Accountant in Bankruptcy (AiB) has released official statistics reporting personal and company insolvencies in Scotland for the third quarter (October to December 2019) of 2019-20.
There were 3,312 personal insolvencies (bankruptcies and protected trust deeds (PTDs)) in Scotland in 2019-20 Q3, more than the 3,213 personal insolvencies in the same quarter in the previous financial year (2018-19 Q3).
A total of 1,214 bankruptcies were awarded during this quarter - a 1.5% decrease on the same quarter in 2018-19. PTDs increased by 5.9% to 2,098 over the same period.
There were 822 debt payment programmes (DPPs) approved under the Debt Arrangement Scheme (DAS) compared with 665 in the same quarter of 2018-19.
A total of 457 DPPs approved under the DAS were completed in 2019-20 Q3 – a 9.6% increase on the same quarter in 2018-19. There were 166 DPPs revoked in 2019-20 Q3 – a 39.9% decrease on the same quarter in 2018-19.
The number of Scottish registered companies becoming insolvent or entering receivership increased in the third quarter of 2019-20, with 226 companies becoming insolvent compared with 210 in the same quarter of 2018-19.
There were 161 members’ voluntary liquidations (solvent liquidations) in 2019-20 Q3 compared with 121 in 2018-19 Q3 - an increase of 33.1%.
The figures released today were produced in accordance with the professional standards set out in the Code of Practice for Official Statistics.
A full statement of Scottish insolvency statistics for the third quarter of 2019-20 is available: https://www.aib.gov.uk/about-aib/statistics-data/quarterly-statistics
Official statistics are produced by professionally independent statistical staff – more information on the standards of official statistics in Scotland is available: https://www.scotland.gov.uk/Topics/Statistics/About
The Accountant in Bankruptcy has a statutory duty to supervise all personal insolvencies in Scotland and administer those bankruptcies where The Accountant is appointed as trustee.
Legislation provides for all three statutory debt solutions in Scotland as well as the duties and functions of the AiB. The statute relating to bankruptcy, also known as sequestration, and Protected Trust Deeds (PTDs) is contained within the Bankruptcy (Scotland) Act 2016 (“the 2016 Act”) and associated regulations. The Debt Arrangement Scheme (DAS) is provided for by the Debt Arrangement and Attachment (Scotland) Act 2002 and associated regulations, notably the Debt Arrangement Scheme (Scotland) Regulations 2011.
Bankruptcy legislation has evolved over many years. The Bankruptcy and Diligence Act 2007 introduced reforms from 2008 including the option of self-nominated bankruptcy by application to AiB, along with a new access route through Low Income Low Asset (LILA) bankruptcy. This provided for a streamlined process for insolvent individuals with low income and very few assets. The Bankruptcy and Debt Advice (Scotland) Act 2014 (“BADA(S)”) saw LILA replaced by Minimal Asset Process bankruptcy with effect from 1 April 2015, introducing more flexible entry criteria and a lower application fee.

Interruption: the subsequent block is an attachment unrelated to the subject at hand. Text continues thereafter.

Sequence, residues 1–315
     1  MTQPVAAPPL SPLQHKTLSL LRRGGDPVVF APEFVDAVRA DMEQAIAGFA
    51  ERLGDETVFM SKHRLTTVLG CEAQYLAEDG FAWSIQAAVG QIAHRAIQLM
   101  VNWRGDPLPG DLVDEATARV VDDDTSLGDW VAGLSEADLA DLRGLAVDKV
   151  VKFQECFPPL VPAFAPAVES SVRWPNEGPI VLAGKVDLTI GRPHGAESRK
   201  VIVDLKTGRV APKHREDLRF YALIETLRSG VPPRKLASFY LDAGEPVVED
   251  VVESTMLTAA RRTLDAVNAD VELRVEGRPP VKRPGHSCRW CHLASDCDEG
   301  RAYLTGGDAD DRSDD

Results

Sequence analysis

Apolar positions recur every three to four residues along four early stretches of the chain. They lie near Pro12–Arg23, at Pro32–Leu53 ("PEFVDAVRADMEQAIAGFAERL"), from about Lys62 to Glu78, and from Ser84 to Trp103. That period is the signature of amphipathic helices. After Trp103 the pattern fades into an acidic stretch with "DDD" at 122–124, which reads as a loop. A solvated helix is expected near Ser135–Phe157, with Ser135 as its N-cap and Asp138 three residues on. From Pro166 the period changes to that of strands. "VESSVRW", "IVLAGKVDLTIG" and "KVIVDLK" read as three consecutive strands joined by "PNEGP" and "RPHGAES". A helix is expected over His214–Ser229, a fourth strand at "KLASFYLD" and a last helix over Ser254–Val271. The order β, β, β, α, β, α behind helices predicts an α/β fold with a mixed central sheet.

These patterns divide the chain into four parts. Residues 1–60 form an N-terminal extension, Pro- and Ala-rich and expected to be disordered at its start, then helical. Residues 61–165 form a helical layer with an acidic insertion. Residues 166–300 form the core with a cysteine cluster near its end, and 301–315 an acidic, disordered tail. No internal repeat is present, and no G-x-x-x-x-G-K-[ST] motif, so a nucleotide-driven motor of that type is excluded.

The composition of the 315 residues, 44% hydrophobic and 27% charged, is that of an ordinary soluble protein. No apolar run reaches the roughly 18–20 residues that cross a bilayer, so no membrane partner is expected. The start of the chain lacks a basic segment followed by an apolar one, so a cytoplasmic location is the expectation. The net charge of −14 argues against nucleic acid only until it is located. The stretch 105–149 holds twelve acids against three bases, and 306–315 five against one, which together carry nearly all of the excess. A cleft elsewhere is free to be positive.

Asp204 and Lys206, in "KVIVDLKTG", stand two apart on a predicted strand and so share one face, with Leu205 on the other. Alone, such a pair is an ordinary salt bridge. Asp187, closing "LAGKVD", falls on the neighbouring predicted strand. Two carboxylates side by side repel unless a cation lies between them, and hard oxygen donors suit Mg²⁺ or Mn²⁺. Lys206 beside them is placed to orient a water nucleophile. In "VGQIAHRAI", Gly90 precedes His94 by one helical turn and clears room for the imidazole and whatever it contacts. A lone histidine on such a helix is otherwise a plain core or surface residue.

BADA(S) also introduced a mandatory requirement for money advice prior to a self-nominated bankruptcy, thereby placing advice as an essential part of all statutory debt solutions in Scotland.
The Insolvency Act 1986 is the primary legislation covering Corporate Insolvency in the UK. However, there is secondary legislation which applies only in Scotland, being the Insolvency (Scotland) (Receivership and Winding up) Rules 2018 and the Insolvency (Scotland) (Company Voluntary Arrangement and Administration) Rules 2018. These rules replaced the Insolvency (Scotland) Rules 1986. Accountant in Bankruptcy is responsible for receiving, extracting and recording information from certain documents relating to company liquidations and receiverships as is required by the legislation referred to above.
The 2016 Act simplified and consolidated all previous statutes into one accessible piece of legislation as well encompassing the main statutory provisions for Protected Trust Deeds in primary legislation. Much of this had previously been contained in secondary legislation through the Protected Trust Deeds (Scotland) Regulations 2013.
PTDs are voluntary arrangements, where the debtor passes their estate to an insolvency practitioner who arranges to repay part of the debt to creditors on the debtor’s behalf. This is similar to Individual Voluntary Agreements (IVAs) in England and Wales; although there are important differences in the way they are set up and administered.
The DAS is administered by Accountant in Bankruptcy. Debt Payment Programmes (DPP) approved under DAS allow individuals to repay their debts in full over an extended period of time whilst providing protection from enforcement by their creditors and safeguarding their home as long as mortgage payments are maintained.
Details of bankruptcies, PTDs, liquidations and receiverships are found on the Register of Insolvencies, which is maintained by Accountant in Bankruptcy. Details of DPPs under DAS are found on the Debt Arrangement Scheme Register, which is also maintained by Accountant in Bankruptcy
Further information regarding insolvency in Scotland, including legislation, can be found on the Accountant in Bankruptcy’s website.